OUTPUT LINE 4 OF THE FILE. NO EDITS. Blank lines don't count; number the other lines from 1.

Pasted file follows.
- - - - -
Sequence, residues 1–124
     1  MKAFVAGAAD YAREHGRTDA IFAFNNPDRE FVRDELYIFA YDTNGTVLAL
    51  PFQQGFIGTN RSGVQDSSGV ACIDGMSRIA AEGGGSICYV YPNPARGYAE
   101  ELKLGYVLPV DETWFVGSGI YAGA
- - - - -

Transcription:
   101  ELKLGYVLPV DETWFVGSGI YAGA